Artistically, the film is incredible. There is a nice contrast between beautiful snowy landscapes and dark, silvery cityscapes, monotone overcast days, and cold, soggy nights. The visuals are perfectly complimented by an outstanding soundtrack by Trent Reznor. The cinematography is classic Fincher, which shouldn't be too surprising since he worked his long time DP Jeff Cronenweth. This film has the sensibility of Se7en and Fight Club but it is much more controlled and mature.

I think this will go down as one of Fincher's most ambitious and most successful films. From start to finish it is as close to perfect as an adaptation gets. He made the film his own while staying true to the soul of the book. He does take some liberties, but it in no way negates the overall quality of the film. This film is worth ponying up the $7.00 to see in theaters, especially because there is nothing better than 13 foot high, topless Daniel Craig.

A- : This film isn't for everyone, and those with delicate sensibilities might be a little taken aback, but if you love dark, moody, mysteries you will love this film, even if you never read the book.

* I saw the Oplev films and they are amazing! They are different from Fincher's take, but still worthy of a view. 

Saturday, December 10, 2011


Directed By: Clint Eastwood

I saw J. Edgar a few days ago, I was overruled by my companion on what film to see. I wasn't necessarily thrilled with the choice, I actually wanted to see Tower Heist. But in retrospect, I'm glad I saw this film instead. I have always been a Leonardo DiCaprio fan and I've seen just about every film he's been in. I have more than a few of his films in my personal DVD collection. This film is directed by Academy Award winner Clint Eastwood who is a master of dark, moody tales of misunderstood heroes.

I read a little bit about J. Edgar before seeing it and I didn't peak my interest at all. It is a bio-pick about the man who began the FBI in the midsts of the cold war and his demise into senility. This type of film, on the surface, was not something I thought I would be interested in. When I saw that it had a 2 hour 17 minute running time, I let out an audible groan. In the end, I did enjoy this film but I have to say it is far from perfect and will bore most people to tears.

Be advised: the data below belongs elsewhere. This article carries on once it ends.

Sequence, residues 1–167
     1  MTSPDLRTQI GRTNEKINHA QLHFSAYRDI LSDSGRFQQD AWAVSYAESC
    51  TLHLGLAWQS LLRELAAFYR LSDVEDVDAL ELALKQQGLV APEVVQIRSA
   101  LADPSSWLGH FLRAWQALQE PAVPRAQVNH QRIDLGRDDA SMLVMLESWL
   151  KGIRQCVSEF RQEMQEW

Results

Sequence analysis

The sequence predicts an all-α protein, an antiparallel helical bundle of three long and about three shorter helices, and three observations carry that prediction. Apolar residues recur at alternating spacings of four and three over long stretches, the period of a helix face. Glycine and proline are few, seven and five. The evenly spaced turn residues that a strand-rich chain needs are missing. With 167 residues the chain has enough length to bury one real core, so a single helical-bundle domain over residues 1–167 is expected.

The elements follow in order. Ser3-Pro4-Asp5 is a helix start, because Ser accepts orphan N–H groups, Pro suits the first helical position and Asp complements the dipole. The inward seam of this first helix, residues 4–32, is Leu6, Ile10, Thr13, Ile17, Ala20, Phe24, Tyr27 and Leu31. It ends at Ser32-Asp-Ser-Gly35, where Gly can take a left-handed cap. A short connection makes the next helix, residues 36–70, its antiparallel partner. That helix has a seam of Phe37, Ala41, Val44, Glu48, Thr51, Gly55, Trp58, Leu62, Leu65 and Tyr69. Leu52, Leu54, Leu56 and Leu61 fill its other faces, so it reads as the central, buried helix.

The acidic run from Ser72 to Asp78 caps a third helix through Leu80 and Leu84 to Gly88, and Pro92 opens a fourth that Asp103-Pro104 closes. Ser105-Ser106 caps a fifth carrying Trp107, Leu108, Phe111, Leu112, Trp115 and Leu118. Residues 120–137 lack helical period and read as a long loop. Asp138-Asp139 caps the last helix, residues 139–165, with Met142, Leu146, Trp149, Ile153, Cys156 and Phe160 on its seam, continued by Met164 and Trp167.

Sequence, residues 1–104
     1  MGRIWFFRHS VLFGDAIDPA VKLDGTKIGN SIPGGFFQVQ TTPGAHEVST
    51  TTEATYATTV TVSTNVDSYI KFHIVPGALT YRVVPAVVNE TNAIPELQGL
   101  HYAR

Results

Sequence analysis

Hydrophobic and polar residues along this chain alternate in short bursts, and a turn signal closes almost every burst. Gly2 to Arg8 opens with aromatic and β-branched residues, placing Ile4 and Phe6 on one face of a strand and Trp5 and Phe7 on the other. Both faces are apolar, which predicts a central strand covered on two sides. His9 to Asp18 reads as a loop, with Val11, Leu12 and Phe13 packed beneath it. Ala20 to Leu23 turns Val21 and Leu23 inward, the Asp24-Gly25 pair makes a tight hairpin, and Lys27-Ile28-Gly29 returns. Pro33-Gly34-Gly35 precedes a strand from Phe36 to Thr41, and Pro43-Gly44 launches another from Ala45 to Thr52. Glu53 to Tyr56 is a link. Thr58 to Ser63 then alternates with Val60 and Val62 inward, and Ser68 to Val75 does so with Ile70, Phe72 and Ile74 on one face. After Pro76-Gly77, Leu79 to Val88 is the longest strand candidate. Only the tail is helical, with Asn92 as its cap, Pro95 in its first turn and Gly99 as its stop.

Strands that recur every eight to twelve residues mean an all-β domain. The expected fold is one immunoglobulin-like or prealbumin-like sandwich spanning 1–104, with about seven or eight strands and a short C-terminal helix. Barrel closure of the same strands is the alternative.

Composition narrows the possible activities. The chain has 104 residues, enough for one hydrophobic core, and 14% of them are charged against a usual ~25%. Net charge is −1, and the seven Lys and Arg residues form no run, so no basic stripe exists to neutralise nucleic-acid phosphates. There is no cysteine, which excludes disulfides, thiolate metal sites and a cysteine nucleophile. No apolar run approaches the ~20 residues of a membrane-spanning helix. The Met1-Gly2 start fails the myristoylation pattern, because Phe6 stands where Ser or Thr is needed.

The film follows the life and career of J. Edgar Hoover, the young ambitious government agent who began the FBI. The film flips between Hoover's younger years as a passionate defender of the American way of life to his older years as a broken old man with a grandiose view of his own history. There is no real 'present' to this film, it just flows, seemingly, willy-nilly from one decade to another and then back again. This style of nonlinear storytelling when done right, like in Christopher Nolan's Momento, can be very powerful. But this film confuses time and events so much you can't quite keep things straight.

Dicaprio is the driving force behind this film and I thought he did a damn good job for what he was given. But unfortunately many of the supporting characters in this film were stagnant. Helen Gandy, Hoover's secretary (who is played by Naomi Watts) is a very important character in the story, but every time she walks off screen, I forget she exists. Her character serves only to say, "yes Mr. Hoover, right away Mr. Hoover."

This would be believable for the time in which the film takes place except for the fact that the first few scenes of the film, they establish that Mr. Hoover trusts Gandy with his life secrets. Gandy and Hoover work side by side for well over 30 years, yet, until his dying day Gandy treats Hoover like she'd known him only a week. There was no emotion exchanged and the chemistry between Watts and DiCaprio was awkward. I wish I could say it was intentional, but Watt's just seemed confused by her character and DiCaprio didn't know what to do with her.

Of course, the relationship that the film really focuses on is the one between Hoover and Clyde Tolson, played by Armie Hammer. I thought Hammer, like Dicaprio, did an excellent job with what he was given. I am not going to get into the semantics about wether or not Hoover was gay, but I thought in the context of this film the Hoover-Tolson relationship worked very well. Dicaprio and Hammer committed to their roles and I believed it.

Every other character in the film is forgettable. There is an attempt to mix in some big names of Hoover's era like Roosevelt, Robert Kennedy and Richard Nixon, but most passed by with out much fan fair. The filmmakers tried to incorporate too many characters and didn't develop any of them. Scene after scene new characters would appear then disappear, it is truly maddening and it contributes heavily to the confusing nature of this film.

Artistically this film was quite good. It is your classic Eastwood. Its dark with heavy use of cold colors and his signature moodiness. The film had a noir feel to it which made the film much more interesting. Over all the production design was accurate and beautiful, and the cinematography was acceptable. Eastwood is quite comfortable with his old man sensibility and it shows through out the film from the set dressing, to the costumes to the locations.